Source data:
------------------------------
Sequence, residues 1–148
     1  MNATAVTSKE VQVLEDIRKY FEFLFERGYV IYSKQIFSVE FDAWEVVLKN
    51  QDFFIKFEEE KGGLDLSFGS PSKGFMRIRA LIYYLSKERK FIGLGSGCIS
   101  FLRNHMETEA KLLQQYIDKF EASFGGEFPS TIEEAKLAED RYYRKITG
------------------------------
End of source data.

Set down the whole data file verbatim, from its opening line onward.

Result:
Sequence, residues 1–148
     1  MNATAVTSKE VQVLEDIRKY FEFLFERGYV IYSKQIFSVE FDAWEVVLKN
    51  QDFFIKFEEE KGGLDLSFGS PSKGFMRIRA LIYYLSKERK FIGLGSGCIS
   101  FLRNHMETEA KLLQQYIDKF EASFGGEFPS TIEEAKLAED RYYRKITG